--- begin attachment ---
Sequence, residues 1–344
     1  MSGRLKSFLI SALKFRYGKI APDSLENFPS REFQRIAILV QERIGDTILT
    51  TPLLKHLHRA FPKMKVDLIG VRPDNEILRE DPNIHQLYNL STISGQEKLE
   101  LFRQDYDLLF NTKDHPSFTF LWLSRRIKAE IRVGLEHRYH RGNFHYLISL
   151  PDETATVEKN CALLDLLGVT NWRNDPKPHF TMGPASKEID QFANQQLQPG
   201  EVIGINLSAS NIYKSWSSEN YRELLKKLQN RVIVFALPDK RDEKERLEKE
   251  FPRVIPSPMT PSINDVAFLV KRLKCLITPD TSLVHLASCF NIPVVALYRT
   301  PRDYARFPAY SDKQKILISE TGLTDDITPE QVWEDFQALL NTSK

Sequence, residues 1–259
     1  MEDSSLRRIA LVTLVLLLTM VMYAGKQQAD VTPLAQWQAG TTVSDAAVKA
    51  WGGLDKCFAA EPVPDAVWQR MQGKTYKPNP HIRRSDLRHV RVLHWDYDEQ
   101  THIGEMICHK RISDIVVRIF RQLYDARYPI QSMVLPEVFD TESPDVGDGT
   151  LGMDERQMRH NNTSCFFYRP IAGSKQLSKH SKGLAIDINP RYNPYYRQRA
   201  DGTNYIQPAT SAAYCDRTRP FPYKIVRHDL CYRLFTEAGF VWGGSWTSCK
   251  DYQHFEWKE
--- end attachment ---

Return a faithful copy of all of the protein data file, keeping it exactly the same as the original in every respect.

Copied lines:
Sequence, residues 1–344
     1  MSGRLKSFLI SALKFRYGKI APDSLENFPS REFQRIAILV QERIGDTILT
    51  TPLLKHLHRA FPKMKVDLIG VRPDNEILRE DPNIHQLYNL STISGQEKLE
   101  LFRQDYDLLF NTKDHPSFTF LWLSRRIKAE IRVGLEHRYH RGNFHYLISL
   151  PDETATVEKN CALLDLLGVT NWRNDPKPHF TMGPASKEID QFANQQLQPG
   201  EVIGINLSAS NIYKSWSSEN YRELLKKLQN RVIVFALPDK RDEKERLEKE
   251  FPRVIPSPMT PSINDVAFLV KRLKCLITPD TSLVHLASCF NIPVVALYRT
   301  PRDYARFPAY SDKQKILISE TGLTDDITPE QVWEDFQALL NTSK

Sequence, residues 1–259
     1  MEDSSLRRIA LVTLVLLLTM VMYAGKQQAD VTPLAQWQAG TTVSDAAVKA
    51  WGGLDKCFAA EPVPDAVWQR MQGKTYKPNP HIRRSDLRHV RVLHWDYDEQ
   101  THIGEMICHK RISDIVVRIF RQLYDARYPI QSMVLPEVFD TESPDVGDGT
   151  LGMDERQMRH NNTSCFFYRP IAGSKQLSKH SKGLAIDINP RYNPYYRQRA
   201  DGTNYIQPAT SAAYCDRTRP FPYKIVRHDL CYRLFTEAGF VWGGSWTSCK
   251  DYQHFEWKE